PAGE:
This article first appeared in 2016 when I wrote for Womenclimb website. As it’s National Map Reading Week I’m sharing the content again here… with a bit of a refresh.
Here are my top tips for planning your own adventure and not getting flustered by navigation:
1.Remember the 5 P’s
Proper Planning Prevents Poor Performance! Look at the map before you head out and plan a route that’s easy to follow. Not all routes are on easy-to-navigate paths and may require you to pay attention to the paths and terrain you’re on. Planning in advance will save time and arguments and definitely prevent you getting lost!
Think about what the route is and what type of map you’re going to use.
If its a day walk you might want an 1:25,000 Ordnance Survey Explorer map. For a multi-day walk you might decide to use a 1:50,000 Ordnance Survey Landranger map to have more of the route on one map. If you’re in the mountains you might decide to use Harvey’s 1:40,000 Mountain maps which identify the contours more visually. Or if you’re after an afternoon adventure you might pick a local orienteering map!
2. Understand the map symbols
- Do you know what all the symbols mean?
- Can you identify a footpath from a bridleway?
- Do you understand open access moorland?
If you’re not sure how to read a map, taking a course can really help. We have a range of navigation courses to suit all abilities, (see our events page) but there’s also lots of fantastic free resources on the Ordnance Survey page.
Understanding the details on the map can really help to reduce the stress of navigating.
3. Understand map features: Grid Lines & Grid References
The grid lines are the faint blue squares superimposed over a map which form the basis for identifying a location.
Each square measures 1km across the lines or 1.5km from corner to corner so they can be useful for quickly judging distances. They are however principally used to give a grid reference, which when given as a 6 figure can give an accuracy of 100m of a location.
To understand how to identify a grid reference have a look at this helpful link.
4. Understanding map features: Contour Lines
Contour lines are the faint orange/brown lines that are used to identify the shape and altitude of the landscape.
While it’s easier to pick out the massive mountains using them, it’s worth studying the map to learn to identify the smaller contour features which can help to aid your navigation.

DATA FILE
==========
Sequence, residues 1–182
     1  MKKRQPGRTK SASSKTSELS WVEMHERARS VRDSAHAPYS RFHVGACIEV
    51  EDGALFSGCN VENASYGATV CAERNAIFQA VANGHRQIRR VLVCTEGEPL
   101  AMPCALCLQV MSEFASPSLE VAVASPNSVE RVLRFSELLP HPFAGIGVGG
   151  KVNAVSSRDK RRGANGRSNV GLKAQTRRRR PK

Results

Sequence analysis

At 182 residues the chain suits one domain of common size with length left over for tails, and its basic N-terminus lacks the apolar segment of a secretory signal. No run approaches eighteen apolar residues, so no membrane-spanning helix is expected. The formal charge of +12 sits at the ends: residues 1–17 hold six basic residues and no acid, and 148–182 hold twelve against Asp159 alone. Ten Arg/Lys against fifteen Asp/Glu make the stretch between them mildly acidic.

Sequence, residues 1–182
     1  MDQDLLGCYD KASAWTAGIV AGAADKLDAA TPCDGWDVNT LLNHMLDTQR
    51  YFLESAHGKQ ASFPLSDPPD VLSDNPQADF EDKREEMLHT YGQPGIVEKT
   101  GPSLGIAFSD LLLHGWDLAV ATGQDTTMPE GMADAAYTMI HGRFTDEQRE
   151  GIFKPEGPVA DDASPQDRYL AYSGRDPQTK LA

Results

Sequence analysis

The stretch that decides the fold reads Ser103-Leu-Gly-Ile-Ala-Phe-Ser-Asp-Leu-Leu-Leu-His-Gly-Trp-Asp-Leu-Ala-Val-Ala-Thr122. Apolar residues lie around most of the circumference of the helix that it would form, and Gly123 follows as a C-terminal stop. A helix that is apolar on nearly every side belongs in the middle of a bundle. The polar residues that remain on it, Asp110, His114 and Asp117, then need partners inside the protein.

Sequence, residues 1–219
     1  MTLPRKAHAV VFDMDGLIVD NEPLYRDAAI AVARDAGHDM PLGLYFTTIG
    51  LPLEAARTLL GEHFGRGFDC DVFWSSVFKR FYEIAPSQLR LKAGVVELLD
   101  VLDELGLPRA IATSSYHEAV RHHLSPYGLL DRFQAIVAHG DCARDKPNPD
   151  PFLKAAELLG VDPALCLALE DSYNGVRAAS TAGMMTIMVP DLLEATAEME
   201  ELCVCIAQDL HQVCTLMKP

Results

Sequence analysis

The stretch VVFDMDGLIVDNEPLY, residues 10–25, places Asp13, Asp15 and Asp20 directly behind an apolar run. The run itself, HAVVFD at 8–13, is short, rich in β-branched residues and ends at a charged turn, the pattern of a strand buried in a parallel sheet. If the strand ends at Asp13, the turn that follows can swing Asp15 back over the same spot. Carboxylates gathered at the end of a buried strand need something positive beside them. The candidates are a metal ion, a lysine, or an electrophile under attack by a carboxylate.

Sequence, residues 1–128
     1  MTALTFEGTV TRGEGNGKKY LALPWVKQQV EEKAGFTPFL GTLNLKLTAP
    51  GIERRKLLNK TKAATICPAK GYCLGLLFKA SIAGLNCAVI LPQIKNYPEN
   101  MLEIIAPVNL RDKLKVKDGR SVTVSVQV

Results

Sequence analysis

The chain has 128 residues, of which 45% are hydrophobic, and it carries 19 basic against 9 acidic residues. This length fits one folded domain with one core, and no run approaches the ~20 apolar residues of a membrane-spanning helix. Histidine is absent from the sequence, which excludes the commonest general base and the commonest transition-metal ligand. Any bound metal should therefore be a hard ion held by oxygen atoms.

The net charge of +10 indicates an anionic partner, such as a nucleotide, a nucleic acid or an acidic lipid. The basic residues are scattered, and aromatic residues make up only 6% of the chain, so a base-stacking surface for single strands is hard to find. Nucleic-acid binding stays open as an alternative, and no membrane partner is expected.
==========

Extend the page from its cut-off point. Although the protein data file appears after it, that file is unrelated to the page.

Contours have the height marked on them at certain points, which gives away whether the route is up or downhill. It might not matter too much for a few km walk from a car park, but if you’re carrying kit a long way to somewhere a bit more remote then it will make all the difference to how quickly you get there, and how knackered you are!
You need to roughly add 1 minute for every contour line you cross heading uphill, but it might be more if you’re not on a path and you are crossing scree, rocky terrain or moorland or if you’re carrying a heavy rucksack.
5. Orientate the map!
If you’re going to use a map it’s essential to orientate it in the direction of travel as you walk. Get your map and turn it round until what you see in front of you is represented on the map, in the right direction. Keep your thumb on the map as you travel to be able to quickly identify where you are.
It can sometimes take a bit of practice, but it’s the easiest way to be able to quickly navigate and understand how what you see in the map relates to your surroundings. Its also the easiest way to prevent getting lost!
6. The 5 D’s
- Distance – How far are you going to travel?
- Direction – Which direction are you heading?
- Description – what are the features you’re going to pass and tick off as you go?
- Duration – How long will it take you?
- Dangers – are there any hazards en route?
As you’re walking, make sure you pay attention to what features you should pass on the route – check them as you pass over or by them. You can mark your map to keep track of where you are.
7. Understanding how to use a compass.
Using a compass if something that many of us learnt at school or scouts and haven’t used since. For many walks its not essential to use a compass as we’re following footpaths or features like rivers and walls. However, when walking across open moorland, or in the high mountains compass skills can be essential.
For an overview of how to use a compass for navigating check out this introduction post from the Ordnance Survey and this more detailed one.
8. Have an escape route
- What do you do when you the wether changes and you need to change your plan?
- Can you safely navigate your way back without getting stuck?
- Are you confident navigating in poor weather or when it gets dark?
Having an escape route or even a few options to cut short your plans is useful to have planned in advance to make a quick exit. Weather can be extremely changeable even when you have done your best to plan.
Read my blog over at Ordnance Survey about why using OSLocate app is a good safety tool.